Saul Broudy at the Rudyard Kipling February 12

By Bill Ede

Saul Broudy's business card makes reference to the fact that he has a Ph.D., in Folklore. Now that's normally enough to frighten off all but the most dedicated lovers of folk music. But any image of stuffy audiences melts away when Broudy takes to the stage, as in his February 12 concert at the Rudyard Kipling.

Broudy is a very personal, likable performer, who appears able to find humor in all kinds of things, including himself. With the aid of voice, guitar and harmonica, he carries on the "songster" tradition most often associated with Nance Lipscomb, Tom Rush and others. (The songster, as much as perhaps any musical "player," knows his role. He is too keenly aware of the songs already out there to be worried about writing his own. His job is to keep already existing songs alive. Period. And he knows the degree to which this, in itself, is a full-time job. Once cognizant of this fact, he is free to assemble the "repertoire of repertoires.")

Broudy does not, on the other hand, approach folk music from a purist perspective, but includes the songs of contemporary songwriters like Utah Phillips ("Sometimes I Wish That I Could Be the Rain" and Steve Goodman "City of New Orleans"), as "well as songs he grew up listening to on the radio by artists like the Everly Brothers ("All I Have to Do Is Dream" and "Take A Message to Mary," later included on Bob Dylan's Self Portrait LP), Buddy Holly ("That'1l Be the Day") and the Fleetwoods ("Mr. Blue"), plus the doo wop music of his native Philadelphia, which could arguably be thought of as "Philadelphia folk music."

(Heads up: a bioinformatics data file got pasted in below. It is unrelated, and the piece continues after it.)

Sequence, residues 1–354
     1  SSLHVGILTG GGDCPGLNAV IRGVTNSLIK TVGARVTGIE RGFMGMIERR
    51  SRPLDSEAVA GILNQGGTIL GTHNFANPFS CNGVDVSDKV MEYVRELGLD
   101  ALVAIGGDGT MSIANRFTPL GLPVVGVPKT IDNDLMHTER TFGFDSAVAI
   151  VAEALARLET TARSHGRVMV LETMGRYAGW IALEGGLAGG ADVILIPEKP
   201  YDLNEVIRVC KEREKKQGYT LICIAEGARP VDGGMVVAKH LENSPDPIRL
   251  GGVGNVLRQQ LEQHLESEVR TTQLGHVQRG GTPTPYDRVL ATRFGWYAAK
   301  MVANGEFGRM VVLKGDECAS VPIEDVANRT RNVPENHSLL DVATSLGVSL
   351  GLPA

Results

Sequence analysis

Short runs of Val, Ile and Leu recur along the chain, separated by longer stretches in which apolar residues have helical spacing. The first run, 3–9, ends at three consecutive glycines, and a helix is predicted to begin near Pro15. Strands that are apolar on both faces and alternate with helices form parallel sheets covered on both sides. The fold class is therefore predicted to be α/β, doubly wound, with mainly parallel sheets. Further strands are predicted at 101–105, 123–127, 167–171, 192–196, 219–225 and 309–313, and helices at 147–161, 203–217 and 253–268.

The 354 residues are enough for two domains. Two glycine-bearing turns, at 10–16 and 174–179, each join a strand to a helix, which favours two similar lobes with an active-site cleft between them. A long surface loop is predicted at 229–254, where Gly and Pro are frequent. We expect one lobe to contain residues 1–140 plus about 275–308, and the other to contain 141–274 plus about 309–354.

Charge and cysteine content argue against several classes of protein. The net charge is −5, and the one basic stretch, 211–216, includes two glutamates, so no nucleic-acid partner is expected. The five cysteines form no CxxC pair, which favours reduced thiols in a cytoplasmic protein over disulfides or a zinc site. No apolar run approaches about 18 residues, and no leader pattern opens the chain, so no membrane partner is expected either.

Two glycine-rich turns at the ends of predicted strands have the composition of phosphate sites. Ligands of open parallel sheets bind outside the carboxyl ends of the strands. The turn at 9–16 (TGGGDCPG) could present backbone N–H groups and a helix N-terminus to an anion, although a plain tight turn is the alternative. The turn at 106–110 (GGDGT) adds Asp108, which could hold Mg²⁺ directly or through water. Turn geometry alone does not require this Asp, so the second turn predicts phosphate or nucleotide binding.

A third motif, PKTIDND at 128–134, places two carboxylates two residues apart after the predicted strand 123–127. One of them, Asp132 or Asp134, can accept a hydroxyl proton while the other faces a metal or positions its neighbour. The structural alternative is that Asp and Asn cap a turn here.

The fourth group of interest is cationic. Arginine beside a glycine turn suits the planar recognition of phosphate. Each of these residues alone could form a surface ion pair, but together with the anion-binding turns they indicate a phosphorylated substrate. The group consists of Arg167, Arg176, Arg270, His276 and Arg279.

My all-tirne favorite Fats Domino song, "I'm Gonna Be A Wheel," appears on his 1977 recording, Travels With Broudy, along with one of the great overlooked Hank Williams' songs, "Alone and Forsaken" (which always made me wonder if Hank might have listened to Townes Van Zandt in a former life, strange as that may sound) and local singer-songwriter Mickey Clark's "Leavin' Love Behind," which gets a real funky treatment by Broudy and friends.

Clark and Broudy met in New York in the '70s and solidified their relationship through the years in Washington and Nashville and at 1977's Philadelphia Folk Festival, where they did some workshops together, including one called "North of Nashville, But Still Country," which also featured Philadelphia songwriter Jim Six, who struck me as a fine songwriter I might not ever hear again, which has thus far proven to be the case. (Does anyone have any information on Jim Six? I'd like to hear him at least once before I die.) Other songs Broudy included in his set were "Jambalaya" and the song from which it was derived, the title of which I didn't get, as well as the Jimmy Driftwood song "Damn Yankee," which I'll just have to seek out for future listening. Mickey Clark got up to perform one song only, Billy Joe Shaver's "I've Been to Georgia On A Fast Train" (a song Mickey was performing light years before anyone around here ever heard the Shaver original), before giving the stage back to Broudy, who closed with Townes Van Zandt's "No Lonesome Tune" and the aforementioned "City of New Orleans." The audience was a good one both in size and scope, especially considering the concert's short notice. "I hope Broudy will include Louisville in his plans for the future.